The Road to Car Safety

The automobile – long a symbol of freedom, status, and success – is at a crossroads. The challenge today is to boost the benefits and reduce (and eventually eliminate) the harm done by our cars, so that the future of motor travel is clean, efficient, safe, and accessible to all.

TOKYO – The automobile – long a symbol of freedom, status, and success – is at a crossroads. For more than a century, cars have enabled billions of people to travel farther, faster, and more efficiently than ever before. They have helped power the world’s great economies and shaped our modern social and cultural landscape. But all of this has come at a price: accidents, congestion, pollution, and an uneasy dependence on oil, among other costs.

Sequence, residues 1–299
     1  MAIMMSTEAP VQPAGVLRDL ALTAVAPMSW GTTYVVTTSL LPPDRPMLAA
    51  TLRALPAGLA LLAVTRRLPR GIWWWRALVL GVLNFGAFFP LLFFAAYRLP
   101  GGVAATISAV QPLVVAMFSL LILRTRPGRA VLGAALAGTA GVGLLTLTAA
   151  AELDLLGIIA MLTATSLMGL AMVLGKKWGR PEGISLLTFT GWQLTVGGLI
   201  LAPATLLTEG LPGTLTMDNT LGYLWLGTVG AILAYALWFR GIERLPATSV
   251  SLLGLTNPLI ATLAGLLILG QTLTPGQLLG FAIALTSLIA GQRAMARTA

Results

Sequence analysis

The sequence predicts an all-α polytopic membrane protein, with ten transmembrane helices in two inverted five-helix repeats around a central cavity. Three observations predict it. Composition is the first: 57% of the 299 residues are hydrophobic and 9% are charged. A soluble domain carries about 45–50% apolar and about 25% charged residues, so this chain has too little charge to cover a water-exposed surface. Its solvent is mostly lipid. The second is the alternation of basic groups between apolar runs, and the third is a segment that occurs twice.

Our challenge, therefore, is to boost the benefits and reduce (and eventually eliminate) the harm done by our cars, so that the future of motor travel is clean, efficient, safe, and accessible to all. For our industry to remain an instrument of progress, we must therefore work closely with our peers from other industries and government in three major areas: safety, the environment, and affordability.

Road safety is a grave concern. More than 3,000 people die in auto-related accidents every day. Lower-income countries account for only half of all vehicles on the road but suffer more than 90% of the fatalities. India has four times fewer cars than France, though it suffers 20 times more road-related deaths – that is, 80 times more accidents per car.

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